The conundrum of the behavioral sciences is that they are not exact sciences in the same sense as physics or mathematics. Behavior is like the spectrum of light: it is as difficult to say when yellow turns into orange as when one behavior turns into another. It is a continuum of quantity, perceptible throughout its duration, describable only when quantity turns into quality.
Friendly, insecure, pacifying, submissive and fearful behaviors are a continuum of quantity, as are content, self-confident, assertive, dominant and aggressive behaviors. The distinction between any two behaviors is a matter of function; the borderline separating one category from the other is a matter of observational skill, contextual parameters and convention; the way we understand it all is a matter of definition.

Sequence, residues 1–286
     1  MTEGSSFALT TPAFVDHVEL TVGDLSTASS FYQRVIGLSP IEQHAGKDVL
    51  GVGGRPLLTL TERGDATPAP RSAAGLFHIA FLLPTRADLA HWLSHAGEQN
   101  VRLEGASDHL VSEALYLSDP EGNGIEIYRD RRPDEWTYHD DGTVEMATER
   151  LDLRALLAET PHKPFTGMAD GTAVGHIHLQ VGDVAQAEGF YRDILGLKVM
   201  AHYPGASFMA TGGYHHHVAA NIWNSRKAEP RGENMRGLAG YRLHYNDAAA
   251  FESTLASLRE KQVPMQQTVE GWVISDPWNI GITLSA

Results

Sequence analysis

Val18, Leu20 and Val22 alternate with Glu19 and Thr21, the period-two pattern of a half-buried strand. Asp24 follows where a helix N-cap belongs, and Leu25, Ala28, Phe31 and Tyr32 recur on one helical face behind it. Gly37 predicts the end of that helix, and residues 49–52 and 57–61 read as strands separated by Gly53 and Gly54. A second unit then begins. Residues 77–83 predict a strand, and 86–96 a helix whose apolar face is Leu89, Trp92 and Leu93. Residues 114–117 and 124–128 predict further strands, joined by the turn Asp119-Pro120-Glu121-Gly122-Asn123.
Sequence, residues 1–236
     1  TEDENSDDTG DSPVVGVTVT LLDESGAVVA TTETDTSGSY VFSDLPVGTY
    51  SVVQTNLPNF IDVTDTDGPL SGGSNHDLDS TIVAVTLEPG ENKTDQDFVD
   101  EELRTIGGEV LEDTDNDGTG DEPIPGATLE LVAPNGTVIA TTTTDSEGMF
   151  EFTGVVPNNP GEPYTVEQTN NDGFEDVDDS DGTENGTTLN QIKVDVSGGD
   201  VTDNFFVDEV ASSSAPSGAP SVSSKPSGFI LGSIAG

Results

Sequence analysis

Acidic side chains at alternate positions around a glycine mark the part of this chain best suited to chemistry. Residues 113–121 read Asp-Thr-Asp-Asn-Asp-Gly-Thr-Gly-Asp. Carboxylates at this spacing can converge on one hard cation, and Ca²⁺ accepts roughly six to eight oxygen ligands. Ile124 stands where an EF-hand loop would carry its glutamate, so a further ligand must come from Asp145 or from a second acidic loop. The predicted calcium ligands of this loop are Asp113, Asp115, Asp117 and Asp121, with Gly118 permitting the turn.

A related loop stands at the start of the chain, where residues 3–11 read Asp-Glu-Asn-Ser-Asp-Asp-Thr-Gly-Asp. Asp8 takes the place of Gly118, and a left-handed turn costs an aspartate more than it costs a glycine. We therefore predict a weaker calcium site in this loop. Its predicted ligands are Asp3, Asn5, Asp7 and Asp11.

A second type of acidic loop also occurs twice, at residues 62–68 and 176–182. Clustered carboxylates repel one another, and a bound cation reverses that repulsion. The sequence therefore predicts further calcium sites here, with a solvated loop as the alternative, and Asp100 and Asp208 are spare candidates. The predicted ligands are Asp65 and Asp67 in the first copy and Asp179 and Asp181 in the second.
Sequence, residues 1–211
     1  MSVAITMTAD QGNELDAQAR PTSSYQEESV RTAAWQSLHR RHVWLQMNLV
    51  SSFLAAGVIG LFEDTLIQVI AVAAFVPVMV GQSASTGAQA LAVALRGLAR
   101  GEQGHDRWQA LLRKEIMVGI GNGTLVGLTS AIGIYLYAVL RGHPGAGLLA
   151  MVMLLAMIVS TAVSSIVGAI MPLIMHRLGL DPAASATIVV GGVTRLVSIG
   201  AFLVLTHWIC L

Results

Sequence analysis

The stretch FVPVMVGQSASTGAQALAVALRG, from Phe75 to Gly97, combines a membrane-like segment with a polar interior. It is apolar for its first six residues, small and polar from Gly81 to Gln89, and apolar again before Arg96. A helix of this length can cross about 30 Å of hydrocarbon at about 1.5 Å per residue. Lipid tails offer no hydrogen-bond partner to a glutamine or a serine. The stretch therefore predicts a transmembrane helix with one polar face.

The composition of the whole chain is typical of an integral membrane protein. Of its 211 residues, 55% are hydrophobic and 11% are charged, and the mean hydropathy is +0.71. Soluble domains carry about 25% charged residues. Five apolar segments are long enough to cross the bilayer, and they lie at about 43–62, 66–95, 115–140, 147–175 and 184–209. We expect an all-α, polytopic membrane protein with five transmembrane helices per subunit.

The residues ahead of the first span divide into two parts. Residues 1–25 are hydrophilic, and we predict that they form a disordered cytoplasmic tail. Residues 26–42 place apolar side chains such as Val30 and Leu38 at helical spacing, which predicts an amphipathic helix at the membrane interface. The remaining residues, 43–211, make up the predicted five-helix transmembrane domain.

Our brain likes to tidy up its stored information in small boxes, but once in a while, I like to turn them upside down. It’s good mental exercise, I find, and helps me keeping a good sense of perspectives.
If animal behavior fascinates you, you will enjoy "Ethology—The Study of Animal Behavior in the Natural Environment," the book and course by ethologist Roger Abrantes.